“Difficult to place.”
“An illegitimate child.”
“The product of an affair.”
These were the labels that were spoken over and about Michelle from her beginning. These were the words that attached themselves to her identity over the course of years, as she sorted through all of her hidden pain, trying to find wholeness and healing.
Michelle Madrid-Branch was adopted out of the England foster care system and placed into a forever home in America. Michelle shared with me that she didn’t have the heartbreak of being shuffled from home-to-home, but she did carry the stigmas that accompany the label: “foster care kid.” She was adopted at a young age, but the trauma and questions, the fears and realities, which all adoptees face at one point or another still existed.
The words and stigmas spoken over her stuck with her throughout her life, starting at an early age. Michelle said, “Words have incredible power, and I realized this as I began my journey to healing, to greatness.”
I had the honor of asking Michelle a lot of questions, craving to hear from a foster care and international adoptee, and she confirmed many things I had wondered for our own adoption journey.
When I first asked her at what age she was adopted, she responded with this: “I was just a little one. But the age doesn’t really matter; there is still another family, another history, another giant part that must be allowed to be expressed and explored. Even babies who were adopted have a history that is and needs to be woven into the rest of their story. Every adoptee needs to be whole and healthy, and by giving their full history a voice and permission to express itself; you allow your child to pursue a whole identity.”
It’s not just important to create spaces and moments for our children to talk about, process, and voice all of their thoughts/feelings/trauma surrounding their adoption and biological histories, it is absolutely necessary. We must invite them into these conversations frequently, making it known that we as their parents are safe people to talk about hard things with.
I shared with Michelle that many of my friends are foster or adoptive parents; some of their kids are old enough to say some hurtful things while others aren’t, but the fear of those statements in our futures remain. Statements like, “I wish I lived with my real/biological family,” and “You aren’t my real/biological mom!” thrown around in the heat of an argument. What would you tell [foster/adoptive] parents who struggle with jealousy towards their child’s biological family?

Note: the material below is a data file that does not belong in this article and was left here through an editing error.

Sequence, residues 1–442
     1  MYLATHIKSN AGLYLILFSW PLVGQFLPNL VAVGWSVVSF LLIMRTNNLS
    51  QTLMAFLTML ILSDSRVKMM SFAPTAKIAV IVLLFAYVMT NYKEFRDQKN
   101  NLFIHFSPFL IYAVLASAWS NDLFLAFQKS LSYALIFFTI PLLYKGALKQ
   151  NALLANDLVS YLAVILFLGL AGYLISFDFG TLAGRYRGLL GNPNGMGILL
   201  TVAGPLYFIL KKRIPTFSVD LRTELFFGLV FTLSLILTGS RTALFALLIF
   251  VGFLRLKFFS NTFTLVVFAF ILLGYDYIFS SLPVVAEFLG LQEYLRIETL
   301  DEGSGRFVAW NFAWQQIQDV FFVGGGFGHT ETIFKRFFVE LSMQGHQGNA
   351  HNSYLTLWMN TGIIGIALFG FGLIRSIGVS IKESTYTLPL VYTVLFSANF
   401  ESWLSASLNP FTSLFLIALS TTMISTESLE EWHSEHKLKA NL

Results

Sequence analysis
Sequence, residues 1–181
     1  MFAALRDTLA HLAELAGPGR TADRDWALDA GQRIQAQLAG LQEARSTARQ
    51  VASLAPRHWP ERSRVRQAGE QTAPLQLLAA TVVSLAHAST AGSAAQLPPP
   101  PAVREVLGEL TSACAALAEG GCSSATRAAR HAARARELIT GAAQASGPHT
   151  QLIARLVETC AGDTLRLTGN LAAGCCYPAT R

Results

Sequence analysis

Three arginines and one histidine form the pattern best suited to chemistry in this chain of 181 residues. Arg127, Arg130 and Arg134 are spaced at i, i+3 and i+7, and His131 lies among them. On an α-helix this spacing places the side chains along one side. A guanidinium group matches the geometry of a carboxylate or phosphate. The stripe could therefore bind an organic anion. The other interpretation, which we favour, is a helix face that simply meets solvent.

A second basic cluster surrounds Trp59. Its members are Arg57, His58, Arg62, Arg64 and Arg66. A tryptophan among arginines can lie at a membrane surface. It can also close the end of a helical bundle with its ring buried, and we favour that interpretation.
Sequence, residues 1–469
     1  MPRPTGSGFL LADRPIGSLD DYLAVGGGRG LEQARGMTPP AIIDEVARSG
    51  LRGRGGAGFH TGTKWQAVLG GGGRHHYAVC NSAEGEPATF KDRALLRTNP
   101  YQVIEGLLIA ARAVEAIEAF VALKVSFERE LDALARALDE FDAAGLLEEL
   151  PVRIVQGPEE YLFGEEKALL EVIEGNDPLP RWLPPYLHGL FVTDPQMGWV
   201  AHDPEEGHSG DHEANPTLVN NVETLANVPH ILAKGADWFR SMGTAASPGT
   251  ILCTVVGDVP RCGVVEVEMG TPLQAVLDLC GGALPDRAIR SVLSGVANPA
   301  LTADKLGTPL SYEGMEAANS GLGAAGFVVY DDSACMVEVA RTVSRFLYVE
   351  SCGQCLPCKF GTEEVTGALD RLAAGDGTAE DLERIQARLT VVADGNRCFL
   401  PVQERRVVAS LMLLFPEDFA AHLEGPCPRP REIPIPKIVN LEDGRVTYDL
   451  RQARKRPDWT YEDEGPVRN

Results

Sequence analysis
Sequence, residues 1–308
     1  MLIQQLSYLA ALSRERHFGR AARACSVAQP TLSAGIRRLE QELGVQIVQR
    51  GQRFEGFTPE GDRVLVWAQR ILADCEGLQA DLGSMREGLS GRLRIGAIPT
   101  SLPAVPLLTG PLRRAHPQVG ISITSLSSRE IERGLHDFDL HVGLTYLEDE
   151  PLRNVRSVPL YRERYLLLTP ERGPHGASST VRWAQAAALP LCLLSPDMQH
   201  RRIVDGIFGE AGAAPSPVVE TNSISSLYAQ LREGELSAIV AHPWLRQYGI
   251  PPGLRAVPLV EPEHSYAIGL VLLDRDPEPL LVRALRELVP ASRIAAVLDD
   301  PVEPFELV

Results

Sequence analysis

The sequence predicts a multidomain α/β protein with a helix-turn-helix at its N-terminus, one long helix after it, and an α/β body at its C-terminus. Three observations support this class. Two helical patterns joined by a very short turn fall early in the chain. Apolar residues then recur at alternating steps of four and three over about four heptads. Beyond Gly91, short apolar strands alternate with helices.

Michelle responded with wisdom: “To the jealousy, I know it may be hard to swallow, but it’s got to be put aside for the health of the child. But honestly? I think honesty needs to be your guide. Be honest with them about how you feel; if you expect them to be vulnerable, you also need to be vulnerable. Children can sense when their parents stiffen or feel uncomfortable; we don’t give them enough credit. If they bring up their birth parents and feel your tension/jealousy/discomfort, they won’t feel safe to bring it up again.”
Which is tragic.
Michelle shared with me that her biological parents were never a part of her daily life or conversation; she did not feel the safety or security that she could bring them up whenever she needed to. There was no balance, only extremes: there was never anything negative sad about her birth family but there was rarely anything ever said at all.
“Looking back, is there something you wish you would have heard from your parents regarding your biological family?” I asked her.
Michelle responded, “I would have loved to have them as a part of my daily conversation; I would have loved to feel safe to talk about them. I don’t ever want my daughter to feel like she can’t share about her birth mother, I don’t want my children to feel hushed about any parts of their lives. That includes all of them. So I do my best to offer them a safe space, to encourage conversations, to include their biological families into our daily lives. Both of my children were adopted internationally. I never force them to talk about anything they don’t want to talk about; it’s their story. But I do want them to know that they are safe and absolutely welcome to talk about birth family, birth heritage, at anytime. I guess I wish I had that for me.”
This isn’t the first story I have heard, the first adoptee that has shared with me, they wished they had felt safe to talk about their whole identities growing up. We as parents, foster/adoptive parents, might tend to forget how important it is to not ignore that there are entire parts of our children’s lives that don’t include us. Entire sections of their identity are missed, are ignored, and are left out of our daily, weekly, monthly conversations with our children. Most, if not all, children crave to talk about the missing pieces to their story.
As their parents, it’s our role to make safe spaces for them. As their parents, it is our responsibility to invite them into the conversation, to lead them, to let them know it is safe. We cannot assume they will bring up their histories and thoughts; we must be ready to love them big and love them well.
Wondering where to start? Feel like it’s been too long since you’ve had a conversation about their biological family, and sense it might be awkward?
You need to press past the awkward. Maybe start by saying something simple like, “I wonder what (bio family name) is up to today,” or “Your nose sure does look like your biological dad’s nose,” or “Have you thought much about your birth mom lately?” Simple questions, simple comments, simple invitations into safe spaces.
Michelle Madrid-Branch is a life coach, author, speaker, and global advocate for women and children. She is the author of Adoption Means Love: Triumph of the Heart and the children’s book, The Tummy Mummy.